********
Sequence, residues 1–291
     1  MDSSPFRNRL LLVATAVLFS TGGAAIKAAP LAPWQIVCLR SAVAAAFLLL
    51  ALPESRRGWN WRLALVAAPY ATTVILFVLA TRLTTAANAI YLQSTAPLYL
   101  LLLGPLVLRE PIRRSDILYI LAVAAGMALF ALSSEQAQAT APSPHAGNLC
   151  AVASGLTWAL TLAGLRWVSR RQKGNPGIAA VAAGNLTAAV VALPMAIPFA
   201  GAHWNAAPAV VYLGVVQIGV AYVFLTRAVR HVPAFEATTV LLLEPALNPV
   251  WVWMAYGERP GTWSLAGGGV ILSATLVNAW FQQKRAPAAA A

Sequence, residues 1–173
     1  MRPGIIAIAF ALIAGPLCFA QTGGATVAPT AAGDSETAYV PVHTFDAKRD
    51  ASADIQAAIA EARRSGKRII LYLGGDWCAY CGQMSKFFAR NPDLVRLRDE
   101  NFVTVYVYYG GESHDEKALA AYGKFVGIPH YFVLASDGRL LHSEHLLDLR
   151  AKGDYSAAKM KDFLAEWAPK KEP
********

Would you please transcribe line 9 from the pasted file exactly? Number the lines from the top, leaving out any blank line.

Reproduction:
     1  MRPGIIAIAF ALIAGPLCFA QTGGATVAPT AAGDSETAYV PVHTFDAKRD